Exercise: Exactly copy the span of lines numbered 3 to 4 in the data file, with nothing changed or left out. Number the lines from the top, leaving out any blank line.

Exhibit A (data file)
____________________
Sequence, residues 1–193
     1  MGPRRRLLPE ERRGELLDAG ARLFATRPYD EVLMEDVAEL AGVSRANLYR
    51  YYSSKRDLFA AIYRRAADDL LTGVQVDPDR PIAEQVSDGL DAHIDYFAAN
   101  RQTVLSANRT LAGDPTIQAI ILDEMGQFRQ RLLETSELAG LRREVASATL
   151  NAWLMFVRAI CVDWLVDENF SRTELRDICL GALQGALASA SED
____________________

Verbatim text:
    51  YYSSKRDLFA AIYRRAADDL LTGVQVDPDR PIAEQVSDGL DAHIDYFAAN
   101  RQTVLSANRT LAGDPTIQAI ILDEMGQFRQ RLLETSELAG LRREVASATL